A new policy for screening applicants at a Chesterfield County apartment complex – developed as part of a settlement in a housing discrimination lawsuit brought by the ACLU, the ACLU of Virginia and the civil rights law firm Relman, Dane & Colfax, PLLC on behalf of Housing Opportunities Made Equal of Virginia (HOME) – should serve as a model for the rental housing industry.

Sterling Glen Apartments and its management company have agreed to change their criminal history screening policy and train their employees in fair housing practices in order to stop the racial disparities under its previous practices, among other aspects of the settlement.

The lawsuit was filed in June 2019 in the U.S. District Court for the Eastern District of Virginia. The complaint alleged that Sterling Glen’s blanket ban carried over racial disparities present at all stages of the criminal justice system into the housing context. This categorical ban violated both federal and state fair housing laws.

The new policy being adopted by Sterling Glen should serve as a model to other housing providers. First, it ensures that a potential tenant is otherwise financially qualified before conducting a limited criminal background history. This limited screening only considers specific categories of offenses, including property crimes and major violent offenses. This helps ensure an applicant’s criminal history is only considered when it needs to be — once a person has met the other criteria for residency — and is narrowly tailored to only consider categories of offenses that are related to community or property safety.

Second, the limited screening excludes misdemeanor convictions and does not treat people differently based on whether the applicant is on probation or parole. It also does not consider arrests, charges, expunged convictions, convictions reversed on appeal, vacated convictions, offenses where adjudication was withheld or deferred, pardoned convictions, or sealed juvenile records. These limitations ensure that the policy is not overly broad, considering only conduct related to an individual’s qualifications as a tenant.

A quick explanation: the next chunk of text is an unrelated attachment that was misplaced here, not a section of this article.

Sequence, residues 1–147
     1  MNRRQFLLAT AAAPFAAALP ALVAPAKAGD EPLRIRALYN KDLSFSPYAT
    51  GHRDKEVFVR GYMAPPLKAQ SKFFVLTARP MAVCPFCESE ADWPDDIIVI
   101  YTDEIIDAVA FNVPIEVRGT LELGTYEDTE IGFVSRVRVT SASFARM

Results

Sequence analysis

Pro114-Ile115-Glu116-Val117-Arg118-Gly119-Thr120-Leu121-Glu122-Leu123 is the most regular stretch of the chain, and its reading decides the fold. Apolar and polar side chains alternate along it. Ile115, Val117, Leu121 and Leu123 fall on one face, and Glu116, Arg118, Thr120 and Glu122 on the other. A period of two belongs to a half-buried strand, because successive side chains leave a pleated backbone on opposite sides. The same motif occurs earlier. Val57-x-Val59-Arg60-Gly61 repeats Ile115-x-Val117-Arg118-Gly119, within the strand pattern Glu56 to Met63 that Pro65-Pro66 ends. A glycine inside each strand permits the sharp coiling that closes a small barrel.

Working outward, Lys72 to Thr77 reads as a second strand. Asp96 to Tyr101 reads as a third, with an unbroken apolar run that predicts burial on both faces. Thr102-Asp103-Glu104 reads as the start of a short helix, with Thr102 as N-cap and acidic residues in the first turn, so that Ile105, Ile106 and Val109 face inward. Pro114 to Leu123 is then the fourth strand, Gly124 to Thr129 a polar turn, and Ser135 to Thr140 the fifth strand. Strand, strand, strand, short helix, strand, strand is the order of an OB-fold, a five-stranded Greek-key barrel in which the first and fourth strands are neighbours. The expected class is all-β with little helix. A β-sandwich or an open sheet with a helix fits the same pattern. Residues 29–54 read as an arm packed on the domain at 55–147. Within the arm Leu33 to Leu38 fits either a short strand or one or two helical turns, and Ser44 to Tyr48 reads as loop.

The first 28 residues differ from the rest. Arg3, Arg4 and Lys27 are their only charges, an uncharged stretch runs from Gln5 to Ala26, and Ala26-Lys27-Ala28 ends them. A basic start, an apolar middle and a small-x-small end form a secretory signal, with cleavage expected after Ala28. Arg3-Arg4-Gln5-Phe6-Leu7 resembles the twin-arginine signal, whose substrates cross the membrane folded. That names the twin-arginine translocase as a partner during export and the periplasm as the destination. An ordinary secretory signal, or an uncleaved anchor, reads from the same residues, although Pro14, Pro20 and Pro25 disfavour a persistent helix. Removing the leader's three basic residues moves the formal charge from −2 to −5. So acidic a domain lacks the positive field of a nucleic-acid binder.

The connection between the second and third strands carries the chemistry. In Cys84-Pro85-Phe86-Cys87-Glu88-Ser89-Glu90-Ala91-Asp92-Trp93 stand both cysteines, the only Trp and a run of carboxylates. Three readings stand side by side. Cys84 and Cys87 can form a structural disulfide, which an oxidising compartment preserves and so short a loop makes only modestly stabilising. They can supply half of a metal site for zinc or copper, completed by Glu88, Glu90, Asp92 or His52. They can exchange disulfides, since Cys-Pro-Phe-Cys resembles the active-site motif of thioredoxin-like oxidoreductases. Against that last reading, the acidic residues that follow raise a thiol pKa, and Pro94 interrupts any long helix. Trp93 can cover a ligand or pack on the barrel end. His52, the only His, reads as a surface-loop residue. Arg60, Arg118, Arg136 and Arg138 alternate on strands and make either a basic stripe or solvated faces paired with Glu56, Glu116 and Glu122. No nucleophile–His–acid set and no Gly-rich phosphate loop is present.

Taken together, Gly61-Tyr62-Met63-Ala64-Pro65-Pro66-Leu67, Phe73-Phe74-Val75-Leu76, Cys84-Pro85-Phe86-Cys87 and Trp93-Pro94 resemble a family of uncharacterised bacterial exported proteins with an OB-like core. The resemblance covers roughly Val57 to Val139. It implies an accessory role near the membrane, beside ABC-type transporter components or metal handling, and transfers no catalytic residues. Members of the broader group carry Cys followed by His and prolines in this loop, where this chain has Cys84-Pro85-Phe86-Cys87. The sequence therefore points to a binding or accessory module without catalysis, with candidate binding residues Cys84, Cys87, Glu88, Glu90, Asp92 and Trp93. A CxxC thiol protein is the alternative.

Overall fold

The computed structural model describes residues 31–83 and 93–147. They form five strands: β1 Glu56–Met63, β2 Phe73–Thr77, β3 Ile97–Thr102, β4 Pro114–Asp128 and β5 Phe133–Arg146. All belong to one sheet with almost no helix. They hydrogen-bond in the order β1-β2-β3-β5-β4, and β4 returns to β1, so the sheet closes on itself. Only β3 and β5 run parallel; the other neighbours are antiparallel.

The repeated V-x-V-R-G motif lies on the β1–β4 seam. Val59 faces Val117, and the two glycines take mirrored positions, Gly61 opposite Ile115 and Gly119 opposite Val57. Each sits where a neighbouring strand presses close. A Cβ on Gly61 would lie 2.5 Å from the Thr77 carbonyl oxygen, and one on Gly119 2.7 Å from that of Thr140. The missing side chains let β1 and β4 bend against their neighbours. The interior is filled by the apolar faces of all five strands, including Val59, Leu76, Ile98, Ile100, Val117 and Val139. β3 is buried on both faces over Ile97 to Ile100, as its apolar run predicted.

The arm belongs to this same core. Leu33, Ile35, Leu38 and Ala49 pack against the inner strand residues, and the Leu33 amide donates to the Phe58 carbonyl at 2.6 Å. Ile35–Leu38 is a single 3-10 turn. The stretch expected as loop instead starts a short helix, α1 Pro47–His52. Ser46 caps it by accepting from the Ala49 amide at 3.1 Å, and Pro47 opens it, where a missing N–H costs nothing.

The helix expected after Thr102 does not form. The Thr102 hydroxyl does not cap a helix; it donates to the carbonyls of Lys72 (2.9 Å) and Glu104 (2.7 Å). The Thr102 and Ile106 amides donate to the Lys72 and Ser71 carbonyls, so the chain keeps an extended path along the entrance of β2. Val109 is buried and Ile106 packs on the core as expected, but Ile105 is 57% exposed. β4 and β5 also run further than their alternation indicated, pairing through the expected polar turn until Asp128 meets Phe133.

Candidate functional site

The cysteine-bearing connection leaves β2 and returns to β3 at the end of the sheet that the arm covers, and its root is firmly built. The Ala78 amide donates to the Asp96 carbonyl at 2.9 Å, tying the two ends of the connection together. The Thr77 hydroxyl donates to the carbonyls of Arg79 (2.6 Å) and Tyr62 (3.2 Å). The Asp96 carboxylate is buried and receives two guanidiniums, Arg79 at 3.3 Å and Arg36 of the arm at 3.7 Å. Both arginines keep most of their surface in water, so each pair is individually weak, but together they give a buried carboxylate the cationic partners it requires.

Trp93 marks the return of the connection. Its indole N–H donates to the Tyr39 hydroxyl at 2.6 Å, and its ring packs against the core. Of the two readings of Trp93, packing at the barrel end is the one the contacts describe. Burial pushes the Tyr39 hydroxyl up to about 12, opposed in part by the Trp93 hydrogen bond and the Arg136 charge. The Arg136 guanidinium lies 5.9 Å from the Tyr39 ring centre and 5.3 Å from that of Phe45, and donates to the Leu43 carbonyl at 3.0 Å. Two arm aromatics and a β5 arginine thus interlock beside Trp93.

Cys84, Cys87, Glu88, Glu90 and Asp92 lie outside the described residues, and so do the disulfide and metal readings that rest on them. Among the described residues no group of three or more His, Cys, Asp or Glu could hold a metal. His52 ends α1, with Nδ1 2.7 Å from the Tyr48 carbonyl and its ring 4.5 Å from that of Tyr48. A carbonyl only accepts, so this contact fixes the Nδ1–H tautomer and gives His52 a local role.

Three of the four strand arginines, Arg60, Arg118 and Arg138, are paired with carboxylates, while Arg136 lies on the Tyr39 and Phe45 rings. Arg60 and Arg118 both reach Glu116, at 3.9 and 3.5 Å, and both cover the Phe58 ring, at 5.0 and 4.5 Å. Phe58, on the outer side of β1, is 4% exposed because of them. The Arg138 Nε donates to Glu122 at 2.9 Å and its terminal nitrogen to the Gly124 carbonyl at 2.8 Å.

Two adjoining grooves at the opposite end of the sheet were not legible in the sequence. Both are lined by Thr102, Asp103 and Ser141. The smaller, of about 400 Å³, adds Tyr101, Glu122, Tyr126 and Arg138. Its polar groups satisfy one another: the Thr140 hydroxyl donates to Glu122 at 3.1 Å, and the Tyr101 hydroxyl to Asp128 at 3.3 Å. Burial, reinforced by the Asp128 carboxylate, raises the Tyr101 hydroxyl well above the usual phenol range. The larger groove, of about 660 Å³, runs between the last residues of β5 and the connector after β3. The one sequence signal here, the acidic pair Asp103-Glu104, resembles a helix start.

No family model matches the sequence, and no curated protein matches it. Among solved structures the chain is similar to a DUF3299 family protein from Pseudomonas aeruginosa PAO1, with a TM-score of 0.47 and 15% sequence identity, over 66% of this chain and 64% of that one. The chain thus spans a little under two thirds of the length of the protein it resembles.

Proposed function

Third, the criminal history screening will only consider convictions from within the previous five years so people are not needlessly and permanently penalized for prior conduct.

Most importantly, the policy assures individualized consideration for every applicant with convictions for specific types of felonies. Even if a prospective tenant is identified as having a felony conviction in one of the specified categories of offenses within the five years prior to the application, the applicant can provide more information and it will be considered. A prospective resident can share facts or circumstances surrounding the criminal conduct, proof of rehabilitation efforts, and evidence of a good tenant or employment history before or after the conviction or conduct. This guarantees that every applicant has the opportunity to show their ability to fulfill the obligations of tenancy.

This resolution, and Sterling Glen’s new policy, represents a significant step toward equal housing access for everyone, regardless of criminal history. This policy provides a model for all housing providers and serves as a warning for those who are not currently complying with their legal obligation to individually consider each applicant and provide everyone with equal housing access.

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